There are various types of biopsies. Most of which is done in the doctor’s office, sometimes using a local anesthetic to numb the area. There can be some bleeding and other discharge after a biopsy. There may also be discomfort like menstrual cramps. One standard biopsy method uses an instrument to pinch off small pieces of cervical tissue. Other types of biopsies include:

Endocervical Curettage (ECC)

If the doctor wants to view an area inside the opening of the cervix that cannot be seen during a colposcopy, they will use ECC ​5​. The doctor uses a small, spoon-shaped instrument called a curette to scrape a small amount of tissue inside the cervical opening during this procedure.

Loop Electrosurgical Excision Procedure (LEEP)

LEEP uses an electrical current that passes through a thin wire hook. This hook helps in the removal of tissue for laboratory examination. A LEEP can also be used to remove a precancer or early-stage cervical cancer ​6​.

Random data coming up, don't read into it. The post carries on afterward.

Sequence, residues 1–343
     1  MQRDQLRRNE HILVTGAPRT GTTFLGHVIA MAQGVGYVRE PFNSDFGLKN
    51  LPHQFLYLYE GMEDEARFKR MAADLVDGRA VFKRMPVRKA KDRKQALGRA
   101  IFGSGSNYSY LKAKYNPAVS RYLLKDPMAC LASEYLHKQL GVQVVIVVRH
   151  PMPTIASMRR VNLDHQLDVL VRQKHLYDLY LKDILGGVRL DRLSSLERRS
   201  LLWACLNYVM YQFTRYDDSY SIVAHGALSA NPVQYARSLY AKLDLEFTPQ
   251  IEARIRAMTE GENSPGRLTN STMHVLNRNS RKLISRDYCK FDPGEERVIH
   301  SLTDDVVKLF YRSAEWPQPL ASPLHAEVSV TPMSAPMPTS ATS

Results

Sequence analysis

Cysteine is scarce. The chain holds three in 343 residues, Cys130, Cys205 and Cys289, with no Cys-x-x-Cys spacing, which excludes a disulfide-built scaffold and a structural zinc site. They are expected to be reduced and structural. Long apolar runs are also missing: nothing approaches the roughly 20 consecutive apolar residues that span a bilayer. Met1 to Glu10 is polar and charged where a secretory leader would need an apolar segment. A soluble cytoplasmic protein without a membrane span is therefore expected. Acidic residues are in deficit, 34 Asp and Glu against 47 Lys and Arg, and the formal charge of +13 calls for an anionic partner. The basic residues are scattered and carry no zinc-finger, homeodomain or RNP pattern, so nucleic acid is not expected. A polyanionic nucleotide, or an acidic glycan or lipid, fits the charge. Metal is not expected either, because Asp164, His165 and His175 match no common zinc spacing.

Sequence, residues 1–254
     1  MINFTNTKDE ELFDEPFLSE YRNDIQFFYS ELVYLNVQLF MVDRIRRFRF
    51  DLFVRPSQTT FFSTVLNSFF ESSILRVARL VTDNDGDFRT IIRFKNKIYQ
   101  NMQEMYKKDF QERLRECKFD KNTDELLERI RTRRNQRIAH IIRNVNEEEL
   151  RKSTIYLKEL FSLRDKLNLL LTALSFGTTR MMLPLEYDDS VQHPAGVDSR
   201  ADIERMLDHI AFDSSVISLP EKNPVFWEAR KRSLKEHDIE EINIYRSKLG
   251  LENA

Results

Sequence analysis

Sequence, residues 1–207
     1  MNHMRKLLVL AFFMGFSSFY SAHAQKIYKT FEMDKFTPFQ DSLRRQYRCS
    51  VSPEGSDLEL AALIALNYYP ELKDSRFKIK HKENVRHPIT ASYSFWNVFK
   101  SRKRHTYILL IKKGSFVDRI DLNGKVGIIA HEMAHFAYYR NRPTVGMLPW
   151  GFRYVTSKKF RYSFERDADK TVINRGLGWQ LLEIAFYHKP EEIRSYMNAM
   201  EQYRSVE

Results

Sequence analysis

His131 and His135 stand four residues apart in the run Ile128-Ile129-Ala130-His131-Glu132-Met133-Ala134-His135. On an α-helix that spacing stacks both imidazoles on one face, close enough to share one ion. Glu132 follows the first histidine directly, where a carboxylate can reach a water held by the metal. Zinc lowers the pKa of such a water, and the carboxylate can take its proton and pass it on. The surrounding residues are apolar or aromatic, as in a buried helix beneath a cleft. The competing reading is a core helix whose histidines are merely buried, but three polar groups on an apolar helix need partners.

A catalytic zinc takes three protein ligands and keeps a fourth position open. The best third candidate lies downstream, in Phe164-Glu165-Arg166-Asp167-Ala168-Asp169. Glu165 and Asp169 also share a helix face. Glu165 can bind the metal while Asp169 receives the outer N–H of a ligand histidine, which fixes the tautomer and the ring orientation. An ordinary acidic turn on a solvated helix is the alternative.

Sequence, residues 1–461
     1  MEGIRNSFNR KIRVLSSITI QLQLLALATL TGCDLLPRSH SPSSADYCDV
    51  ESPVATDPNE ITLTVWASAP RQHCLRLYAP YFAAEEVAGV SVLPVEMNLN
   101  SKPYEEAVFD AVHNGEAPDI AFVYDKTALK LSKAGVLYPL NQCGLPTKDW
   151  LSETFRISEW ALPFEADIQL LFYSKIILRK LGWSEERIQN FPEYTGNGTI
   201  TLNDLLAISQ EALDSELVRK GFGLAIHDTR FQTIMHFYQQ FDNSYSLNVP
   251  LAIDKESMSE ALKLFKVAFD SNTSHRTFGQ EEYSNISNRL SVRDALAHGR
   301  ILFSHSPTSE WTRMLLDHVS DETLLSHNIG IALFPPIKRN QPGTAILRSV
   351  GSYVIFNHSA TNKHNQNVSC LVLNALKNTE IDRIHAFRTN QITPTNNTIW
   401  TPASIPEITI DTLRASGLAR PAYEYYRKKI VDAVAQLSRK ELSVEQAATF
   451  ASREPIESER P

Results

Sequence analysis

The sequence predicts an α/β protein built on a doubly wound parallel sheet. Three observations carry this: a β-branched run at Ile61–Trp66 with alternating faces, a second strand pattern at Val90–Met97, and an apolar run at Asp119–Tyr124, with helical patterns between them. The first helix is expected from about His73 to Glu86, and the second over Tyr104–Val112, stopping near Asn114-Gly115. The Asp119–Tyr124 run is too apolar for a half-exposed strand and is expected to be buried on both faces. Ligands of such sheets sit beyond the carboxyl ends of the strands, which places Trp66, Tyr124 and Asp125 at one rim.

Conization (a cone biopsy)

Conization takes out a cone-shaped part of the tissue from the cervix. Conization can be done to remove a precancer/early-stage cervical cancer ​7​. It is done under a general or local anaesthetic and may be done in the doctor’s office or the hospital.

If the biopsy shows that cervical cancer is present, the doctor will recommend you to a gynecologic oncologist specializing in treating this type of cancer. The specialist may recommend additional tests to see if cervical cancer has spread beyond the cervix.

Pelvic examination under anesthesia

For treatment planning, the specialist may re-examine the pelvic area while the patient is under anesthesia to see if cervical cancer has spread to organs near the cervix, including the vagina, uterus, bladder, or rectum ​8​.


An x-ray is a way to create a picture of the structures inside the body using a small quantity of radiation that is used for diagnosis of cervical cancer. An intravenous urography is a kind of x-ray used to view the kidneys and bladder.

Computed tomography (CT or CAT) scan